Friday, January 10, 2014

The source of the dollar

"I'm worried something'll happen to 'em before we can turn 'em into real money."
"What is 'real' money, Jack? Answer me that."
"You know, pieces of eight, or, how d'you say it, dollars --"
"Th -- it starts with a T but it's got a breathy sound behind it -- 'thalers.'"
"That's a silly name for money, Jack -- no one'll ever take you seriously, talking that way."
"Well, they shortened 'Joachimsthaler' to 'thaler,' so why not reform the word even further?"
Neal Stephenson, Quicksilver

Neal Stephenson's fanciful 2003 novel Quicksilver, set in 17th century Europe, mixes a good deal of fact in with the fiction. Real historical figures like Isaac Newton, Robert Hook, John Locke and Samuel Pepys come and go throughout the story, and actual events are central to the plot. And even that piece of dialogue from the middle of Stephenson's sprawling 900-page tale, the first part of a massive trilogy, explains in a nutshell how the word dollar came into the English language.

Barbara Ann Kipfer puts it this way in Word Nerd: The word, she says, "ultimately derives from the German Taler, short for Joachimstaler, a silver coin of the 16th century; the Spanish dolar, a coin also known as piece of eight or peso, derived from that and influenced Thomas Jefferson's choice of name for our monetary unit."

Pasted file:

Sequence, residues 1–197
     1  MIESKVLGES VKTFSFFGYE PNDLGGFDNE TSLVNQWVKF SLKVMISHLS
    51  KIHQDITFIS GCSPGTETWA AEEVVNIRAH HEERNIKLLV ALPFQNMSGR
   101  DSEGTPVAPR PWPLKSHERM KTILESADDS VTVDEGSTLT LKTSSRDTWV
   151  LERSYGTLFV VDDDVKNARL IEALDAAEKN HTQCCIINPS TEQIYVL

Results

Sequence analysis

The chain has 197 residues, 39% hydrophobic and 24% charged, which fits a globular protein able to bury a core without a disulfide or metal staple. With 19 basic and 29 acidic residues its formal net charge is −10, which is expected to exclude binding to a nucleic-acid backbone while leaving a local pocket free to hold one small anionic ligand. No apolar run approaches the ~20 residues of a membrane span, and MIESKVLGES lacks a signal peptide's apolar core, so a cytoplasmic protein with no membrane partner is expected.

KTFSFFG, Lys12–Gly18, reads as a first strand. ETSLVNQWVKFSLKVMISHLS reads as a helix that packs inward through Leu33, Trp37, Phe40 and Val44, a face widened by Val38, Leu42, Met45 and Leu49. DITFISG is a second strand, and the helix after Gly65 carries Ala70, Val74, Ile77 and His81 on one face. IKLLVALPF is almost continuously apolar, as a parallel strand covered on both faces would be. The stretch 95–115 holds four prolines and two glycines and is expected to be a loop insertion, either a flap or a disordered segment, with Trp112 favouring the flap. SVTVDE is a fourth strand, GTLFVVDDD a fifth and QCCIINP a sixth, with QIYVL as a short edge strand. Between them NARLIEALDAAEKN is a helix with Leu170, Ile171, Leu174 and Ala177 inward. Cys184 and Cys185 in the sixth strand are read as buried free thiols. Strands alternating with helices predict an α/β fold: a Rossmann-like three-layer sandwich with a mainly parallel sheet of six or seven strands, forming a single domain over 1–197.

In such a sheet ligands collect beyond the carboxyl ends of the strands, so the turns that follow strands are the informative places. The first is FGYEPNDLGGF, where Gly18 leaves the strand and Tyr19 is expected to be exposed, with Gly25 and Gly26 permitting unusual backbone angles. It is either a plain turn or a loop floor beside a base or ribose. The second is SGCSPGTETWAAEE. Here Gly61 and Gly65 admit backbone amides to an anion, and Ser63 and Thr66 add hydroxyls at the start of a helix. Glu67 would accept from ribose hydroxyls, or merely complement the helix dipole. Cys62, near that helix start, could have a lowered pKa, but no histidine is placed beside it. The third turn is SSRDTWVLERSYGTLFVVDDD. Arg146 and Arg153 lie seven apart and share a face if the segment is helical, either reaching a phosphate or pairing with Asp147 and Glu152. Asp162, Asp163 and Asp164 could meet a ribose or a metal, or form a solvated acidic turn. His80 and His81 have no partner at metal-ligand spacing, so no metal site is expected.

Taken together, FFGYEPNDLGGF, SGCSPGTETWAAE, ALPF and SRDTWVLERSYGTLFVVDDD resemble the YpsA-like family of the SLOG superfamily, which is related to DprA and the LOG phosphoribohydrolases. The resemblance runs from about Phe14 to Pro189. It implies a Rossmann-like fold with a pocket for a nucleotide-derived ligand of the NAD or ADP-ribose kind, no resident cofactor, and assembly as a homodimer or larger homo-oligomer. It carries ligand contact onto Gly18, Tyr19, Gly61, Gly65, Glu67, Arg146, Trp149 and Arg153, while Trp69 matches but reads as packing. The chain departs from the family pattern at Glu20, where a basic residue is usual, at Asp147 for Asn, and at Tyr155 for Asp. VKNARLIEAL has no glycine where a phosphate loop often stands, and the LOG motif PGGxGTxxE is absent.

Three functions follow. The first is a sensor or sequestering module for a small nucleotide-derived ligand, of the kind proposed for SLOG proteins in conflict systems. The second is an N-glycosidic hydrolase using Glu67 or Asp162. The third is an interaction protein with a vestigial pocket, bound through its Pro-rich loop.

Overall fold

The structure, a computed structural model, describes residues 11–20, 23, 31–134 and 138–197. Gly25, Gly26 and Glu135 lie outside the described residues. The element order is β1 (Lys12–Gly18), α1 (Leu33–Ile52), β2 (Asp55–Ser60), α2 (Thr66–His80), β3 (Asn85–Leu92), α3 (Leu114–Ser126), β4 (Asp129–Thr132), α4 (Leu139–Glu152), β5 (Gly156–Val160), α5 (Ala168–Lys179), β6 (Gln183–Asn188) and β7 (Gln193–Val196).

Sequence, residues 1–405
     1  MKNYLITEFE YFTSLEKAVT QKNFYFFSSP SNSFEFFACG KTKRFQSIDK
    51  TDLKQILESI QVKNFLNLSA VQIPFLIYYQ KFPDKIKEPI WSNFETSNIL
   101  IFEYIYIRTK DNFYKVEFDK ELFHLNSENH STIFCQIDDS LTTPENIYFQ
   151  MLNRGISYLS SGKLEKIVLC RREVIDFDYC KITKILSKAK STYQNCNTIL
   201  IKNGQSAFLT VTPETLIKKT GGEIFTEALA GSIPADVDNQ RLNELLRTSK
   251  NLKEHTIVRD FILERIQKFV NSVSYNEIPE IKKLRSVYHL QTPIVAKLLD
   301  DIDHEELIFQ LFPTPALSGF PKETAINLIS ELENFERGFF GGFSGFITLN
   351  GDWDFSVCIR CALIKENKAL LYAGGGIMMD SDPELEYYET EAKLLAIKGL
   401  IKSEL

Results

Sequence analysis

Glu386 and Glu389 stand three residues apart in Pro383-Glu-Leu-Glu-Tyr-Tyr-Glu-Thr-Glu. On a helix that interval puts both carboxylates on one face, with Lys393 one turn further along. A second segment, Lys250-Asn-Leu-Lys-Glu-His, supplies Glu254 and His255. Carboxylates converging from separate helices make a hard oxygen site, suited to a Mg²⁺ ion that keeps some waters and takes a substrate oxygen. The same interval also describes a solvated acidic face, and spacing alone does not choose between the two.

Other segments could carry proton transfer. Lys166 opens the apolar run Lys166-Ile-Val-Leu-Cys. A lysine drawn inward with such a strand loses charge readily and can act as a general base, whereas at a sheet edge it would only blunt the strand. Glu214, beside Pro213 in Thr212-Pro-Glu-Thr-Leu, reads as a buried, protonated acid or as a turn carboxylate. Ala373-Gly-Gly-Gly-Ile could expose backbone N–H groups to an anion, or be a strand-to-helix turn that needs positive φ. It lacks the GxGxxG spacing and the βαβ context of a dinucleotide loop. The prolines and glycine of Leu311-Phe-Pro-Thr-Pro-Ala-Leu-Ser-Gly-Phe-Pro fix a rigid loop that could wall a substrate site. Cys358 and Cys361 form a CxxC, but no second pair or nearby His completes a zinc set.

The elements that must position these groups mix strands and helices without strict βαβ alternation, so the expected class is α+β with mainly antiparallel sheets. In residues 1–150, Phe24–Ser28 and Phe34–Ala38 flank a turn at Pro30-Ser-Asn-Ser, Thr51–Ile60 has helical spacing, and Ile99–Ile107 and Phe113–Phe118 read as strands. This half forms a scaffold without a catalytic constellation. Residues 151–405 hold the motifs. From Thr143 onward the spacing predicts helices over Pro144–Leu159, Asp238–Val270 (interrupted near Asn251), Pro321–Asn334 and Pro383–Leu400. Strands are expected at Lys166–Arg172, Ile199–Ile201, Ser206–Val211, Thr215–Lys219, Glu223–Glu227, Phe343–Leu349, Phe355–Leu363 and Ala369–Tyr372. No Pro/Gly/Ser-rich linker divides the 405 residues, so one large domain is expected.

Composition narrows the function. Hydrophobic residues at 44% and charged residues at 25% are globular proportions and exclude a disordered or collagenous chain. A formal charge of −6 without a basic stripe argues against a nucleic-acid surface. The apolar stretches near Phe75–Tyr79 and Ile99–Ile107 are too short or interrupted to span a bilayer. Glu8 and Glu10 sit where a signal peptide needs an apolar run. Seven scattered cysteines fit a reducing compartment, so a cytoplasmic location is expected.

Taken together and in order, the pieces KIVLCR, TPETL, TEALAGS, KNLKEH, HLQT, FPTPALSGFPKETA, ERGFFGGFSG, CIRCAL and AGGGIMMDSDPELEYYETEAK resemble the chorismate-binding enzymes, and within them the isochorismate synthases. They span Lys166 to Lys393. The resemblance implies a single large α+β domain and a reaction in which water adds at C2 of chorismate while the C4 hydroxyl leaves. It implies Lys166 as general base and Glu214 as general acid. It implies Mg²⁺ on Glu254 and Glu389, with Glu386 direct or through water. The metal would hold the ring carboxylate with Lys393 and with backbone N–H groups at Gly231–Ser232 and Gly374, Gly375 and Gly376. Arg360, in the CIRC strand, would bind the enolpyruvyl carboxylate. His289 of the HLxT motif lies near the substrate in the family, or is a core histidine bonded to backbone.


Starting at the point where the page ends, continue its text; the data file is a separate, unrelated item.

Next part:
You may notice that while Kipfer says Taler and Joachimstaler, Stephenson puts it as thaler and Joachimsthaler. So which is it? According to Wikipedia, the proper spellings are Joachimsthaler and Thaler. It goes on to say, however, that after a 1902 German spelling reform, Thaler became Taler, but this did not affect the English spelling of Thaler. So I will award the point to the novelist.

Joachimsthal is a city in Bohemia where Thalers were first minted.

Speaking of not taking the word dollars seriously, as Stephenson's  character Eliza does in Quicksilver, I am reminded of the time I visited Delft. Inquiring about the admission price for a small museum, I mistakenly said dollars instead of euros. It seemed like an honest mistake to me, but the man behind the counter took serious offense and started ranting about American tourists. I turned around, taking my euros, purchased with dollars, with me. Euros were still fairly new in Europe at that time, and I imagine even a few of the Dutch were still having trouble with the word.

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